Weekly Photo Challenge: Twinkle


The Weekly Photo Challenge is Twinkle.

The night of Purisima in Nicaragua, there were a few twinkling lights, but the lights weren’t working in the star at the top of the Christmas tree. Instead, I waited until the moon was just right to light up the star.

IMG_5568By the way, if you are trying to get your pingback to work, try dropping the s from https:// in the pingback link. Thanks to Ambitious Drifter. :-)

A Natural Christmas in Nicaragua


“Then the Grinch thought of something he hadn’t before! What if Christmas, he thought, doesn’t come from a store. What if Christmas…perhaps…means a little bit more!”
― Dr. Seuss, How the Grinch Stole Christmas!

 

There are a few traditions that I cherish on Christmas, but not many. We haven’t decorated a real Christmas tree for over a decade. My old Christmas decorations are sitting on someone else’s mantel, hanging on someone else’s tree, or given to Goodwill long ago.

In Nicaragua, our lives are very simple during the holidays. I still have icicle lights hanging on my front porch, but they hang year-round. Instead, I find Christmas colors and surprises in my natural surroundings.

Our hot peppers become festive lights, swaying in the tropical breeze.
IMG_5651I know it’s corny – but I love ‘Jingle Bells!’ ~ Dolly Parton

That Dolly! I agree with her, but instead, our Jingle bells are on a long, pendulous banana stalk with dusky purple bracts.

IMG_5668“He who has not Christmas in his heart will never find it under a tree.”
― Roy L. Smith

My favorite mango tree gifts us with small flowers in December. In January and February, we will be picking delicious Rosa Mangoes.
IMG_5670“I love snow for the same reason I love Christmas: It brings people together while time stands still.” Rachel Cohn

Yet, Christmas in the tropics delights us with soft tussles of feathery snow-like grass.
IMG_5658Christmas comes in many forms and colors. I’ll still make my Christmas cookies to share with all my neighbors and friends. I’ll still sing Jingle Bells. And most importantly, I’ll remember that Christmas doesn’t come from a store.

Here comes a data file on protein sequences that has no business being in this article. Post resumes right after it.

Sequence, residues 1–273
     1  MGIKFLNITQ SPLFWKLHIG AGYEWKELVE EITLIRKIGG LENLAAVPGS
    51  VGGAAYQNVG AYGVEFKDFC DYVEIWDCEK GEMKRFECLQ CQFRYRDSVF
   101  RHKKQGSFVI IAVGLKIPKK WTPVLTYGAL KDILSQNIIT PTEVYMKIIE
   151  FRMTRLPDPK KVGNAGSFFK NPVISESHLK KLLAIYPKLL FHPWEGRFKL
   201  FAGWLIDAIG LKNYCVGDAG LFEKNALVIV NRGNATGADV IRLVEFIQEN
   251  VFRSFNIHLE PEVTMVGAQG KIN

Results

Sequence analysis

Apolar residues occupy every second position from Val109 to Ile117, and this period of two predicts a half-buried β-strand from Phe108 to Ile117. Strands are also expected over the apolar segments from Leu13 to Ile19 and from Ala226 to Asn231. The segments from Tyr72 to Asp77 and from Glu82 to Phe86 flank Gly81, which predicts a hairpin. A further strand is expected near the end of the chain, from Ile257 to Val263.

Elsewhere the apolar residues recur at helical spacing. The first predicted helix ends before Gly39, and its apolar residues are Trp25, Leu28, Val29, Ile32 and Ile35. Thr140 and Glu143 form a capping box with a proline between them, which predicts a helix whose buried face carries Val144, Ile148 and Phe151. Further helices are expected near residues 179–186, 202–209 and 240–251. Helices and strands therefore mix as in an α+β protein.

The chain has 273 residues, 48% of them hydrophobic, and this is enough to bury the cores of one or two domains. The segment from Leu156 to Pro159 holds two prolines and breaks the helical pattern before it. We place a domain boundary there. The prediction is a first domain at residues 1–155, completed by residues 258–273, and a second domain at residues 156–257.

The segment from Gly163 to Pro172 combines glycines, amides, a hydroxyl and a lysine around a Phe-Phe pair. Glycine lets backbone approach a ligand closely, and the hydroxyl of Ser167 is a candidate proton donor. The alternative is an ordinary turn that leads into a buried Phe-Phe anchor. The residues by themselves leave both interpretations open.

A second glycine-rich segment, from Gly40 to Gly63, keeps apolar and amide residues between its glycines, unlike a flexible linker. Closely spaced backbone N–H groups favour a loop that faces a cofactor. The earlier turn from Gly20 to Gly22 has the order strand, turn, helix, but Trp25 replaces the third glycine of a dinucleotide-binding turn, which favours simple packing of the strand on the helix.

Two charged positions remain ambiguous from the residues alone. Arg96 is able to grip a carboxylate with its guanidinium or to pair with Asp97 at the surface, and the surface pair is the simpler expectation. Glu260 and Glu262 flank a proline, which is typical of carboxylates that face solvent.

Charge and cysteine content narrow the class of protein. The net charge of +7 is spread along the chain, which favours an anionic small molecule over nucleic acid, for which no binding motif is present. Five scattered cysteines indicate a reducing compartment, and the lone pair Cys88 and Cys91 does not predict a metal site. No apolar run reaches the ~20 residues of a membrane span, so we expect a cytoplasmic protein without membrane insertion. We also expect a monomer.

International Human Rights Day in Nicaragua


“The rights of every man are diminished when the rights of one man are threatened.”
― John F. Kennedy

December 10th is International Human Rights Day. In honor of this day, a great March Against the Nicaraguan Canal is scheduled in Managua. This year’s theme is Human Rights 365.

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The Decay of Dignity


          “Life is not a matter of place, things or comfort; rather, it concerns the basic human rights of family, country, justice and human dignity.~Imelda Marcos

 I’ve been musing about the decay of human dignity in the United States. I can’t open a website or newspaper without reading about the lack of respect given to President Obama, the life and death of Eric Garner, and other enraged incidents that demonstrate the decay of human dignity in the United States.

However, the decline of human dignity is not isolated to the United States. It’s like a cancer spreading worldwide, eating away at the crumbling foundation of respect for our human race.

When I opened my Facebook page on Black Friday, I saw this post from Lucha Libro Bookstore in Granada, Nicaragua.

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The Nicaraguan Piggy Bank